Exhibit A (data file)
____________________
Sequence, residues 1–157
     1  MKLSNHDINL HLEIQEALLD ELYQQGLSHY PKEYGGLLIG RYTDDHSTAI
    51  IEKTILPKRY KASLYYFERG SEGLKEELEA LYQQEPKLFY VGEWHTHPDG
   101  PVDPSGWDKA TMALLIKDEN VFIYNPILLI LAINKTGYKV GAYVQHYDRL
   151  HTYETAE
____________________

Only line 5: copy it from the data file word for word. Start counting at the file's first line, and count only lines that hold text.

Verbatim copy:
   151  HTYETAE